On the evening of the sixth day
God put the finishing touches on the earth,
created a woman and a man,
and said, “That’s Entertainment!”
On the seventh day he rested
in his La-Z-Boy recliner and said
to his favorite Son,
“Pull up a chair; the show is on.”
At first the novelty alone
had all the angels talking.
Soon, however, everyone could see
that God’s new program had a flaw: ennui.
Eternity dragged. God fidgeted.
The Holy Spirit evanesced.
Jesus, comfortable in his Birkenstock
sandals, remained beatific.
The situation was clear. Even the divine,
the most perfectly patient couch potato,
soon grows weary of bliss,
nature, and the naming of animals.
A fit of nervous coughing
from somewhere in the crowd
intensified the silence
like a shroud of dirty linen.
At last one who had been lounging
behind an onyx desk, his back
turned slightly toward the spectacle,
stood up before the masses.
He wore a dark Italian suit of perfect
cut and drape and a red silk turban
(a fashion experiment he later abandoned).
The visual effect was arresting.
It was in fact the second son,
regarded by many as the brighter one,
who now uttered a single word
charged with premonition: “Advertise.”
He strode toward the throng,
smoke rising from his footsteps.
The angels gasped. Clouds gathered
and traded riffs of lightning.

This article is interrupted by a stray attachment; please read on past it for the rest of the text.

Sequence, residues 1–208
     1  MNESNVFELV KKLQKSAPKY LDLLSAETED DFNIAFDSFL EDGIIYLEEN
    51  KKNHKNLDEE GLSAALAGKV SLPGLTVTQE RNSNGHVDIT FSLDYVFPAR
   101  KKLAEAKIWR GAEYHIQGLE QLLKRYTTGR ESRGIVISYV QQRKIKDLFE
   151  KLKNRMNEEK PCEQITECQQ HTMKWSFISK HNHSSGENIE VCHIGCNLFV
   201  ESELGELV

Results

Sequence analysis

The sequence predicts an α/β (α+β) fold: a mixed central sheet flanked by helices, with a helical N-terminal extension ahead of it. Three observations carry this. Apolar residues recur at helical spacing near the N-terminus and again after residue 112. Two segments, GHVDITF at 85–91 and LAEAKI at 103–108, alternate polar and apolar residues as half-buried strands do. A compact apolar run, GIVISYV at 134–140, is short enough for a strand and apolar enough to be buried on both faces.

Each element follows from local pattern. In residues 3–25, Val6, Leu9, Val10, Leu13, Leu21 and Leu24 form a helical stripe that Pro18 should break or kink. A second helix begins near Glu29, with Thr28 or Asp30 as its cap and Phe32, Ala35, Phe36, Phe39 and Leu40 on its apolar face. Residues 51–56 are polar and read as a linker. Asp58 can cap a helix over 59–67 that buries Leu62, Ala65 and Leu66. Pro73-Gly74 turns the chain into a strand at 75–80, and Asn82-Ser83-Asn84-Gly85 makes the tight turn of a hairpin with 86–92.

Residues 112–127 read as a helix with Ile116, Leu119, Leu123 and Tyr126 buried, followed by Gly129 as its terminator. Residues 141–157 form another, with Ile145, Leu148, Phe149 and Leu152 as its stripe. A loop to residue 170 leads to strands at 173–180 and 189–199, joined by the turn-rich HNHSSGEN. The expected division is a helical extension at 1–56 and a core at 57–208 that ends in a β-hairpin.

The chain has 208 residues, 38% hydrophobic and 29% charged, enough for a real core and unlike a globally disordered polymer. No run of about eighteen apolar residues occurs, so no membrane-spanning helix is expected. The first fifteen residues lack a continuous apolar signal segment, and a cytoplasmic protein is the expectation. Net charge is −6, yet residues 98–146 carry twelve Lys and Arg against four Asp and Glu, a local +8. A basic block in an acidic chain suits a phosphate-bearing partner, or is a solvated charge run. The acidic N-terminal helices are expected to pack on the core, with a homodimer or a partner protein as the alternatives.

“The woman and the man,” said he,
“are plainly rubes, but not without potential.
Awaken their more complex needs
and you’ll stir that drab tranquility.
“A taste of what they’re missing
is all that it would take.
If you’d like,” he smirked,
“I’ll give them something to chew on.”
Then he turned his attention
to his perfectly polished fingernails.
God leaned toward Jesus and whispered,
“He’s so flamboyant. So predictable.
“Officially I must condemn his plan.
The fall of Man is, of course, inevitable,
but not so the shame that follows
assignment of the blame.”
“Lucifer,” spoke God, rising to his feet,
“This plan of yours I must abhor.
Such crass temptation of my creation
is out of the question. Be gone. I’ll hear no more.”
Lucifer returned an enigmatic glare
and bowed his head
in apparent submission.
As he did, his turban
loosened and unwound, slithered
to the ground, became a serpent, and sped away.
Then with some new sleight of hand
he vanished in a sulphur flash.
The rest, as they say, is history.
An attractive product, a little puffery,
a naive consumer – the woman bit
and it revolutionized the medium.
God made a show of righteous wrath,
took away the actors’ cushiest perks,
changed the set, brought in new writers,
and sent everybody back to work.
Ratings skyrocketed. The heavenly host,
again engrossed, slurped up lust
and war and political intrigue
with uncharacteristic abandon.
Jesus, as children of the upper class
sometimes do, became an activist.
Publicly, Lucifer was sacked,
but according to the star-trackers
and the tabloids he was promoted
behind the scenes
to VP of programming.
Real talent always rises to the top.